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Change of state and latent heat

When a substance changes from one state to another energy is either absorbed or liberated. This heat energy is called the latent heat, and part of it is the energy used to overcome the forces of attraction between the molecules.

It is clearly useful to know the energy required to change the state of unit mass of the substance. This is known as the specific latent heat and is defined as follows:


The specific latent heat is the energy required to change the state of 1 kg of the substance

Any material has two specific latent heats:

The specific latent heat fusion is the heat energy needed to change 1 kg of the material in its solid state at its melting point to 1 kg of the material in its liquid state, and that released when 1 kg of the liquid changes to 1 kg of solid

The specific latent heat of vaporisation of a liquid is the heat energy needed to change 1 kg of the material in its liquid state at its boiling point to 1 kg of the material in its gaseous state, and that released when 1 kg of vapour changes to 1 kg of liquid

It is important to realise that no temperature change occurs during the change of state. The temperature will only rise or fall when the entire specimen has changed from one state to the other.
Some examples of specific latent heats are given in the following table:


Material Specific latent heat of fusion
(Jkg-1)
Material Specific latent heat of vaporisation
(Jkg-1)
Aluminium 390000 Benzene 400000
Copper 210000 Ethanol 850000
Iron 270000 Ether 350000
Lead 2600 Turpentine 270000
Mercury 1300 Water 2260000
Naphthalene 150000 - -
Solder 70000 - -
Water 330000 - -

Generally the specific latent heats of vaporisation are greater than the specific latent heats of fusion. The change of state from a liquid to a gas results in a large increase of volume and therefore a large amount of work has to be done against the surrounding atmosphere.

In general energy is needed to
(a) change the state of the material at a constant temperature (and pressure), and
(b) to do external work if there is a change of volume during the change of state.

This external work is usually positive, although there are exceptions. Ice contracts when it melts, the volume of a sample of water being a minimum at 4 oC, and therefore the external work done on melting is negative.

If a volatile liquid is allowed to evaporate from the surface of an object then its latent heat of vaporisation may be used to cool the object: the heat energy needed to evaporate the liquid is drawn from the object itself and so its temperature falls. You can hand will cool.

Figure 1(a) shows how the temperature of a specimen might alter with time due to a steady heat input - heat losses to the exterior have been ignored here. Figure 1(b) shows how the molecular arrangements within the material change as the heat energy is supplied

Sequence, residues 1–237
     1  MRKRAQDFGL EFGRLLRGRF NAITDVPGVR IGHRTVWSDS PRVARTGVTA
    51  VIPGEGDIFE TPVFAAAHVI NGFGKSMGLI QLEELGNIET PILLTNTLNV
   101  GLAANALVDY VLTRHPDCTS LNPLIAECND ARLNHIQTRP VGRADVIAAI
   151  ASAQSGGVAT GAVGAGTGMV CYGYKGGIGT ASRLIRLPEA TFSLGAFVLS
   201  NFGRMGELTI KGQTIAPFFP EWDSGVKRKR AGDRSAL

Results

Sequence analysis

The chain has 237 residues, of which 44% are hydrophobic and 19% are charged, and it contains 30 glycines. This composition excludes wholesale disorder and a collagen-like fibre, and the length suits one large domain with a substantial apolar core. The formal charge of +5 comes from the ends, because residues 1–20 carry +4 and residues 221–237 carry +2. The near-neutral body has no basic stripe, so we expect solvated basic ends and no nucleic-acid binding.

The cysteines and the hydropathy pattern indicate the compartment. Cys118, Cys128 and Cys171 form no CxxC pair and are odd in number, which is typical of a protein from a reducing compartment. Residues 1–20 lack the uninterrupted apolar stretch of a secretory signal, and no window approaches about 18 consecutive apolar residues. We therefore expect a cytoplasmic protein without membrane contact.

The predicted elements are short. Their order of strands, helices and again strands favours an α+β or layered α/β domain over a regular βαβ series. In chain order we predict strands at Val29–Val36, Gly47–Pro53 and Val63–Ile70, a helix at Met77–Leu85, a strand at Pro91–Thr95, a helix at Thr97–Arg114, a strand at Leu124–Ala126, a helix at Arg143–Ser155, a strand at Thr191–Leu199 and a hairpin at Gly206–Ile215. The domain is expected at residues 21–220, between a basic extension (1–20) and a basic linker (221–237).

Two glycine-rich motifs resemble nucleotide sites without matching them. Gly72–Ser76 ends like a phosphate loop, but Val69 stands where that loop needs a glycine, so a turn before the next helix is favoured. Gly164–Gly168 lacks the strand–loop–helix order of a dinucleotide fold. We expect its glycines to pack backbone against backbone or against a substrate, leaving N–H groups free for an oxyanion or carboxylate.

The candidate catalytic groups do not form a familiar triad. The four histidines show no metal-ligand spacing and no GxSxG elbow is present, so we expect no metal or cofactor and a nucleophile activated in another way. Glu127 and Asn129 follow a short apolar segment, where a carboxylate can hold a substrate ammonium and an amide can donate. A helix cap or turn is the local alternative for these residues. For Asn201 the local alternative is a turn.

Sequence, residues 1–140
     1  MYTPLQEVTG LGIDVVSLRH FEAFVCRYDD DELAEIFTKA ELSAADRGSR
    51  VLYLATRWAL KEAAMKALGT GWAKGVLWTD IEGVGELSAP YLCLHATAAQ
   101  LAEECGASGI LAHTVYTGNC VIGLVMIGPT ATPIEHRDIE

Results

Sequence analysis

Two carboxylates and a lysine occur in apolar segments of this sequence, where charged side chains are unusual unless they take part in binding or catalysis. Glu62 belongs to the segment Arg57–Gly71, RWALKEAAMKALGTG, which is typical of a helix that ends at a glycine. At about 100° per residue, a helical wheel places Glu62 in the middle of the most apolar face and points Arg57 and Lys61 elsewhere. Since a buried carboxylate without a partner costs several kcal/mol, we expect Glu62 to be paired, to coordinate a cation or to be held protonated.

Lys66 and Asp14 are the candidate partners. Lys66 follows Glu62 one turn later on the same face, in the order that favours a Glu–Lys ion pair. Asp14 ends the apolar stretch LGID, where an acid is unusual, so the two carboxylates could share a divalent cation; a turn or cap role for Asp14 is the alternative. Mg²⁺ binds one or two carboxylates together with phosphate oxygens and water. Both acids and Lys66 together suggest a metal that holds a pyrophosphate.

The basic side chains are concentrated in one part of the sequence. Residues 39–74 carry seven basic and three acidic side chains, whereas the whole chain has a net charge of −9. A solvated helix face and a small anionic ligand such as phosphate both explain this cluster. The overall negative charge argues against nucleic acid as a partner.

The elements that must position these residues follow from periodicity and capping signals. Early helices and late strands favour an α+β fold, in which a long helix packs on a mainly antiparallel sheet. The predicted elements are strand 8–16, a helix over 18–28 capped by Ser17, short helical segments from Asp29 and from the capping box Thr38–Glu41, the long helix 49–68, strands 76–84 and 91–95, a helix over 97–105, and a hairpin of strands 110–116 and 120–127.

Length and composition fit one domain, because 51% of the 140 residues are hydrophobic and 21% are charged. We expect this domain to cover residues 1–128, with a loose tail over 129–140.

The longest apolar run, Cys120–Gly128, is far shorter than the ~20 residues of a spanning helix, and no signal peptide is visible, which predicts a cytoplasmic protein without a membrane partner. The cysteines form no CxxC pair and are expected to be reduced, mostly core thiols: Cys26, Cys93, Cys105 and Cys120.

Student investigation A shiny electric kettle (Figure 2) is used in a simple determination of the specific latent heat of vaporisation of water. The kettle and its contents are weighed and the kettle is then boiled for a given time and the loss of weight is found.

Assuming the value given above for the specific latent heat capacity of water, make measurements to find the heat lost by the kettle during this time and thence estimate the accuracy of a measurement made by this method.
 

Example problems
1. A double-walled flask containing water of total mass 1 kg is heated with a 16W heater and it is found that it takes 30 minutes for the temperature to rise from 20 oC to 100 oC.
(a) Estimate an upper limit for the value of the mean specific heat capacity of the inner flask and its contents.
(b)Calculate the mass of water that would be vaporised after 30 minutes of steady heating when the power is supplied at a rate of 60 W.
Take the specific latent heat of vaporisation of water to be 2.26x 106J kg-1.
Initial energy input = 16 x 30 x 60 = 28 800 J.
Therefore (assuming no heat losses) the upper limit for the specific heat capacity of the inner flask and contents would be 28 800/80 = 360 J kg-1K-1.
New energy input during input at 60 W = 60 x 30 x 60 = 108000 J.
Of this, 28 000 J is required to heat the flask and conČtents, and therefore a further 79 200 J is available to vaporise the water. Mass of water vaporised = 79 200/ 2.26x 106 = 3.5 x10-2 kg = 35 g

This result assumes that there are no heat losses from the flask during the boiling phase and therefore no energy is needed to keep the flask at 100 oC.

2. Calculate the amount of ice that would be melted by a 65 W heater in five minutes at 0oC if all other heat energy exchanges are ignored.
Specific latent heat of fusion of ice = 330 000 Jkg-1
Electrical energy input = 65x5x60 = 19500 J
Mass of ice melted = 19500/330 000 = 0.059 kg = 59 g
 
 
 
© Keith Gibbs 2010